Before we get to the delectably delightful main dish of foam donuts, allow us to introduce ourselves: Pueblo Grande Museum is the repository for archaeological collections for the City of Phoenix. That means we care for tens of thousands of prehistoric and historic objects encountered by archaeologists involved in construction projects across our great city.
In January, collections staff at the museum began a new long-term project to inventory, survey and rehouse their whole-vessel pottery collection. Prehistoric and historic pottery vessels have rounded bottoms, which means they don’t sit still on flat storage shelves.
Safety: Create pot rings (aka: foam donuts, more on that in a bit) or mounts for object that need them, assess current ones and update where necessary—helping to keep the objects safe!
Clarity: Add object numbers to the pot rings or mounts for easy identification that doesn’t require handling the object.
Inventory: As vessels are pulled for the rehousing project, collections staff will be doing a shelf-by-shelf inventory (and updating the database as needed) as well.
Mount-making Made Merry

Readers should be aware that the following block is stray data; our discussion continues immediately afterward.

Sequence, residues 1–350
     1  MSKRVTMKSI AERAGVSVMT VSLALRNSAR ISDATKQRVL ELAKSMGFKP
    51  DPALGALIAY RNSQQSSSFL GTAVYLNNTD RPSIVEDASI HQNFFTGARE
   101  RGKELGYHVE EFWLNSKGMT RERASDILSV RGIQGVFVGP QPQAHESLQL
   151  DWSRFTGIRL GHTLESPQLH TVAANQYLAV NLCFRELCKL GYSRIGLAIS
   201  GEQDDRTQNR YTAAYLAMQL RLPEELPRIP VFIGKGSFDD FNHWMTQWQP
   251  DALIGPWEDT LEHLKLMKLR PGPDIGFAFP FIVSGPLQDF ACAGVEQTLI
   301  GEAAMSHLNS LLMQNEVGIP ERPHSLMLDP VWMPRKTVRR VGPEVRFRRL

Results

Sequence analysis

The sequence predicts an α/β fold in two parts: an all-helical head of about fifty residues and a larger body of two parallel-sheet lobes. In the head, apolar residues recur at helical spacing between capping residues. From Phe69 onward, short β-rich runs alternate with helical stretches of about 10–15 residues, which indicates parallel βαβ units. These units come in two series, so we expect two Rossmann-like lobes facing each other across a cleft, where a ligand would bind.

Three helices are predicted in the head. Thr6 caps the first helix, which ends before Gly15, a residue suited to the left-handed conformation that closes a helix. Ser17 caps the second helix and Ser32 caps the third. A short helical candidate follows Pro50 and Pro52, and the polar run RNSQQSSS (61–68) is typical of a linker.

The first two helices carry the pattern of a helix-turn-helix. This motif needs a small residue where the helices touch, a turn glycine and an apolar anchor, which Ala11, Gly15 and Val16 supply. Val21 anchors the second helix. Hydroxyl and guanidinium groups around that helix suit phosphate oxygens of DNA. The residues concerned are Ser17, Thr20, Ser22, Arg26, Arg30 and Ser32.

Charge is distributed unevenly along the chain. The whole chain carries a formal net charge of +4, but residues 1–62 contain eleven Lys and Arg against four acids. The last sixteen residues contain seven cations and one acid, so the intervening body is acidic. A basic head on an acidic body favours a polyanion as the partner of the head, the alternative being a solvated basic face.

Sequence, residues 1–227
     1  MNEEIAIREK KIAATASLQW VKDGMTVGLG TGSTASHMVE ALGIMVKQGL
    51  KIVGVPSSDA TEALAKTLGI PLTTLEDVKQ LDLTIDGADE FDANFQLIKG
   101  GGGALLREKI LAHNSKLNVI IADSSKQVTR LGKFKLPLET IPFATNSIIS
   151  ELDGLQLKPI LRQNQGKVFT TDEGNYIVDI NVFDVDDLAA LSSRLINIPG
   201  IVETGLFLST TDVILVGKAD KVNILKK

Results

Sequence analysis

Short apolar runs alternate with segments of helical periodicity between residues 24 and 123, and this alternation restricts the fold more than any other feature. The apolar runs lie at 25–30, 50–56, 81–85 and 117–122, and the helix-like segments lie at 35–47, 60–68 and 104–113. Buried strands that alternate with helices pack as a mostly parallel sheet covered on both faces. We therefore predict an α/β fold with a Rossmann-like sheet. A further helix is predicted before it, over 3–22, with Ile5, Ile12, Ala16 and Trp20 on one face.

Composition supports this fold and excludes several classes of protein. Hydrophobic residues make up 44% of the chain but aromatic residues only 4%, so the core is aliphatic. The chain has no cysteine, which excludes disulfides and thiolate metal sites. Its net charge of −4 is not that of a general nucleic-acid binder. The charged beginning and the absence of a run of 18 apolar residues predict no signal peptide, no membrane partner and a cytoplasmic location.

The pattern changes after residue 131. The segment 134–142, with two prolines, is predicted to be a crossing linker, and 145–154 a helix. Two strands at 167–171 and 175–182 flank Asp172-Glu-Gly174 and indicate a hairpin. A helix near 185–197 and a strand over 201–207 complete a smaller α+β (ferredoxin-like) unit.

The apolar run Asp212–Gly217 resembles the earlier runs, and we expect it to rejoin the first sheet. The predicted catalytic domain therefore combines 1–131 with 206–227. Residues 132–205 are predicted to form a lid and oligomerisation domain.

Foam donuts are one of the simplest ways to stabilize a vessel, especially those with fragile or rounded bottoms. The donut is formed by gluing a piece of polyethylene backer rod into a donut-shape that cradles the vessel, steadying it, and also keeps the base from coming into contact with the shelving.
Foamhenge is a cleverly and aptly named mount, (thanks to one Frank Grinere, museum volunteer) that steadies a top-heavy vessel with a narrow base. Four or more wedge-shaped pieces of polyethylene foam, lined with an ultra-soft, super-dense foam padding called Volara, are glued to an acid-free base to shore up the otherwise tip-prone vessel.
Sink mounts accommodate an unusually shaped vessel. A plank of polyethylene foam is carved out to fit the vessel. The carved area where the rests is lined with Tyvek (Yes, the very same weather barrier that enshrouds modern frame housing.) or Teflon (just like plumber’s tape—only wider and a little thicker).
As of June 25, with the help of our volunteer Frank Grinere and Museum Aide Carina Samano, we completed mounts for an entire cabinet—93 historic vessels from New Mexico. Thank you so much for all your hard work Frank and Carina! As the project continues, more and more vessels will be rehoused into snuggle-fitting mounts!
If you’ve read this far, you might be wondering about the “booger tape” mentioned in the title. We use this double-sided archival tape to adhere fabric to an exhibit mount and between two pieces of acid-free archival cardboard (called blue board) to make a reinforced base for a storage mount. Super sticky, booger tape earned its nickname!